Richard Turen
Richard Turen

I've often thought that I should give credit to Ronald Reagan for making me want to travel the world. Without knowing he was doing so, he challenged me, and many of my clients, to look at the true purpose of travel in a completely different way.

It was Reagan who flashed his index finger every time a camera was present to assert that "We're No. 1," the best, most successful country on the planet.

There is some truth to that. But I had lived abroad, and I wasn't sure that I would agree that America is No. 1 in all meaningful areas of human endeavor and accomplishment.

Is it possible, for example, that closing shop and having a few hours with one's life partner in the middle of the day is an Italian practice of some merit?

Many of the places I've shared with our clients have had profound impacts on their lives. There were times we all felt we were in a better place. New Zealand was like that. It is a tolerant country with a population that seems to understand what is really important in life and, more importantly, what is nonsense.

Ireland can affect the sophisticated visitor because it is the country that Whole Foods would love to be. When the food is organic, I have discovered, the people often are, as well.

The purposeful traveler of today does not believe we are No. 1 in all areas of life and is prepared to be challenged to see things less as they are back home but more as they might be if we could adopt some of the world's best practices.

Not all of my clients are there yet. A few years ago, I received a call from first-time visitors to Europe who reported that they stopped to kiss the ground after getting off their plane at Chicago O'Hare. I'm sure that happens a lot, but they had been attending the Cannes Film Festival.

In the near future, I want my clients to experience Brugge, a small city near the Belgian coast that visitors love for its cobblestone streets, hot waffle ice cream cones, award-winning chocolate and meandering canals.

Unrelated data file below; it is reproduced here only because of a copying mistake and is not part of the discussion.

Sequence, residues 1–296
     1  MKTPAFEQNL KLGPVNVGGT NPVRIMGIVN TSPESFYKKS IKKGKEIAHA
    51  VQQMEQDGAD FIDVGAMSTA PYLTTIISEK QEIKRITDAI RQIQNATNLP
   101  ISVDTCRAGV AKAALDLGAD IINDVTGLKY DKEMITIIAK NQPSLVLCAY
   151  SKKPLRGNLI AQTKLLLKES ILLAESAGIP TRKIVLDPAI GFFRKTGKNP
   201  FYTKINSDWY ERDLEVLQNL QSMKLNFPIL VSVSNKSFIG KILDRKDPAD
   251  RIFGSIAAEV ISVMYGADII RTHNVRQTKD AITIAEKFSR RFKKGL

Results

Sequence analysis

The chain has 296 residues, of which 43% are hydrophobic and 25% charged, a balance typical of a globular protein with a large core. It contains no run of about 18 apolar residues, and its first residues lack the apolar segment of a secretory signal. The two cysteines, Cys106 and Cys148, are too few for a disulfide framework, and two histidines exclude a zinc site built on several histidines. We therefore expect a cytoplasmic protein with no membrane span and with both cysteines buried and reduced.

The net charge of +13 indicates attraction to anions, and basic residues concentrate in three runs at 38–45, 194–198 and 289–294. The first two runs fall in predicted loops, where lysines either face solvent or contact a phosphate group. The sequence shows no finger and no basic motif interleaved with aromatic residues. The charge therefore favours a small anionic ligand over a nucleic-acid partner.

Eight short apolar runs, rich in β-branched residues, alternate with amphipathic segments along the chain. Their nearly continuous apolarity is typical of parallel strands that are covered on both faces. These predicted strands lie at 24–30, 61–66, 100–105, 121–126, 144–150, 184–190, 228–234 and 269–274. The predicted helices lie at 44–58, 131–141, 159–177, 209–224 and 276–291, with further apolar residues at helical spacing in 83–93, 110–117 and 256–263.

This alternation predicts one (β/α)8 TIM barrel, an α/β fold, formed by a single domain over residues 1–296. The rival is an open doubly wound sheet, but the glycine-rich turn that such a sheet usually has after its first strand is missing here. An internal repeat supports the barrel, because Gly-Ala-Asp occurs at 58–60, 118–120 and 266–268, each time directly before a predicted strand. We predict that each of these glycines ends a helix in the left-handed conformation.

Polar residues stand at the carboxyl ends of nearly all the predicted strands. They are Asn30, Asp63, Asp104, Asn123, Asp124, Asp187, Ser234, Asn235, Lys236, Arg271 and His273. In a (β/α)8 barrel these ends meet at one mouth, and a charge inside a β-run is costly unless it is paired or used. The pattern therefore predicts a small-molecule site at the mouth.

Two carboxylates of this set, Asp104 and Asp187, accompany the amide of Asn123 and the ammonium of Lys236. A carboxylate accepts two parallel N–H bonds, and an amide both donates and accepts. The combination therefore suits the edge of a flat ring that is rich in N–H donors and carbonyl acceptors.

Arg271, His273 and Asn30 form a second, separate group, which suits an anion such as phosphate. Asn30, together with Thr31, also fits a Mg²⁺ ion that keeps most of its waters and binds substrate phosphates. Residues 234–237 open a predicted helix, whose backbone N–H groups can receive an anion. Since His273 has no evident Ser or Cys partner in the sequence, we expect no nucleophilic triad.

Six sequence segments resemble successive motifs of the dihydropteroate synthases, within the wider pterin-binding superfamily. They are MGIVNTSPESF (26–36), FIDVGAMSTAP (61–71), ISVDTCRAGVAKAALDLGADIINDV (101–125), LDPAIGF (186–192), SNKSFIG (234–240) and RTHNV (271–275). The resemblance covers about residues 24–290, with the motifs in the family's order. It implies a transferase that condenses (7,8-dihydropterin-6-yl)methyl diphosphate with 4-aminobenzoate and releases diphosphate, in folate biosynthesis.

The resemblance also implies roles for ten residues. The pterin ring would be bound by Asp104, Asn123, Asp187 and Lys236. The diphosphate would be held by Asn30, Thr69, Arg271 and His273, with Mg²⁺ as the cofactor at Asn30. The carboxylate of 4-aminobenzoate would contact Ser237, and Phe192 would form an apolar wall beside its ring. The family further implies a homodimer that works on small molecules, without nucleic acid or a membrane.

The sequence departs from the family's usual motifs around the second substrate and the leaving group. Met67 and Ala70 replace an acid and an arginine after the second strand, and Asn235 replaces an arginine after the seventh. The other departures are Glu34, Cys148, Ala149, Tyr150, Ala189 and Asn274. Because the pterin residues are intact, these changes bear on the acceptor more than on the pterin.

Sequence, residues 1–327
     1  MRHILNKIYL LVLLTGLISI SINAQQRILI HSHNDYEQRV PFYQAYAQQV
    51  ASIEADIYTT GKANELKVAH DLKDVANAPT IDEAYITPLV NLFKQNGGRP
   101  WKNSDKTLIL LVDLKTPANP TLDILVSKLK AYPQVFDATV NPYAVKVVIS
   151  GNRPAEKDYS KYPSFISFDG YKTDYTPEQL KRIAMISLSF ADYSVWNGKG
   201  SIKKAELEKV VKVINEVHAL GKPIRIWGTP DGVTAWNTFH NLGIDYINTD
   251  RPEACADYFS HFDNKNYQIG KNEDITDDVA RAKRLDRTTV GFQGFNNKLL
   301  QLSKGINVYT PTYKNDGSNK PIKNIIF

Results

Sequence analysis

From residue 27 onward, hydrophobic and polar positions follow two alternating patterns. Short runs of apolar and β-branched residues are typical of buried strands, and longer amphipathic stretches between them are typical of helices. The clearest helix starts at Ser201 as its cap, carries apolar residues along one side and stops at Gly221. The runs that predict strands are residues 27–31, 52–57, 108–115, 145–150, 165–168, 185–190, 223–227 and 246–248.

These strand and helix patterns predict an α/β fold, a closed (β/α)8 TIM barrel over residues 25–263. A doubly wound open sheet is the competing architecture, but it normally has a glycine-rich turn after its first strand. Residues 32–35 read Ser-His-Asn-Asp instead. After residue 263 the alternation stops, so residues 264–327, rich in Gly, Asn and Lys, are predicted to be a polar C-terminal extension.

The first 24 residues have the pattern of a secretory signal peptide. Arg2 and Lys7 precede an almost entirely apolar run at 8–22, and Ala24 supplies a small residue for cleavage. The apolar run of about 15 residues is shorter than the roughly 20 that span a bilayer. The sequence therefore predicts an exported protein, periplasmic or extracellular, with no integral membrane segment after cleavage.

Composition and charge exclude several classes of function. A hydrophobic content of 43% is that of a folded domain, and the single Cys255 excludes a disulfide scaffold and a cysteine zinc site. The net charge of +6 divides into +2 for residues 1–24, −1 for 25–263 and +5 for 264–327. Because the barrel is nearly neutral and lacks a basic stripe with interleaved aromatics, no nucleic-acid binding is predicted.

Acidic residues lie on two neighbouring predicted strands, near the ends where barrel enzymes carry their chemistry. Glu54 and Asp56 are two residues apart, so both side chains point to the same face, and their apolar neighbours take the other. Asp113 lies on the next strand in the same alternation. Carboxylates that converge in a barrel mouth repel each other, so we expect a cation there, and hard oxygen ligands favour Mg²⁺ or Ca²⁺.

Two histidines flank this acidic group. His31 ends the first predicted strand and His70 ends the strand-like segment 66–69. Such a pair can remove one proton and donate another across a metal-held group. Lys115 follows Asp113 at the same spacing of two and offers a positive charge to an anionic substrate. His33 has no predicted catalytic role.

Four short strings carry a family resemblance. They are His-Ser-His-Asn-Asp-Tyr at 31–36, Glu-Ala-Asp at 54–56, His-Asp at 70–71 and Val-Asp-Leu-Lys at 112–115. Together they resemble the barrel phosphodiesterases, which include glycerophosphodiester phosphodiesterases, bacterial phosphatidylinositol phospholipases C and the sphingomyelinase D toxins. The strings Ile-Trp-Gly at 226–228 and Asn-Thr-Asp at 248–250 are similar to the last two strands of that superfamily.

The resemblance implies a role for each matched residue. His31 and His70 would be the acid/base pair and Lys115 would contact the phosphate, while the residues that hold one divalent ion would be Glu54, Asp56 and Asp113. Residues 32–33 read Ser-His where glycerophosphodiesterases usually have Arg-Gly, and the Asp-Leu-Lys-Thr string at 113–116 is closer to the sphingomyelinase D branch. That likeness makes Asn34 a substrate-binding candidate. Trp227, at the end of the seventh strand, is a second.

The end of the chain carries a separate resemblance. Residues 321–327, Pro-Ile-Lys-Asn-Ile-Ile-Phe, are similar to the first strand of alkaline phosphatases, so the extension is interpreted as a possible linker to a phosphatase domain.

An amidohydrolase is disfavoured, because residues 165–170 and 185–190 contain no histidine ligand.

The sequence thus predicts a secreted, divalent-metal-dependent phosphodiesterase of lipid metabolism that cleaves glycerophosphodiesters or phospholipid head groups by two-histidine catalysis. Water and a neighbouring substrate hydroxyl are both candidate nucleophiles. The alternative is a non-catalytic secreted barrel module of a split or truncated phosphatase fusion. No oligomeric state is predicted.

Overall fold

This is the tourist Brugge. But there is something revolutionary going on there that my clients must see. Brugge has become the world's most "dementia-friendly" city.

Unlike in our country, where more than 6 million suffer from Alzheimer's disease, a number that will soon double, the citizens of Brugge have dedicated themselves to treating dementia patients like everyone else. The effort is to have them out and about with social contact, concerts, counseling and special cafes.

But the essential innovation is the large red handkerchief that visitors will see on numerous shop windows throughout the city. This signifies they are "dementia friendly," and the employees have been trained to deal with forgetful store visitors who might ask repetitive questions. They are patient with those with dementia because they choose to be.

The city of Brugge is No. 1 in the world for demonstrating that successful treatment of dementia has a great deal to do with how we treat one another.

Perhaps there are important lessons in this. I want us to be No. 1 in dementia care as well as all other areas of human interaction. This is the new "purposeful" approach to travel. When we travel abroad, we must bring home best practices, not T-shirts.

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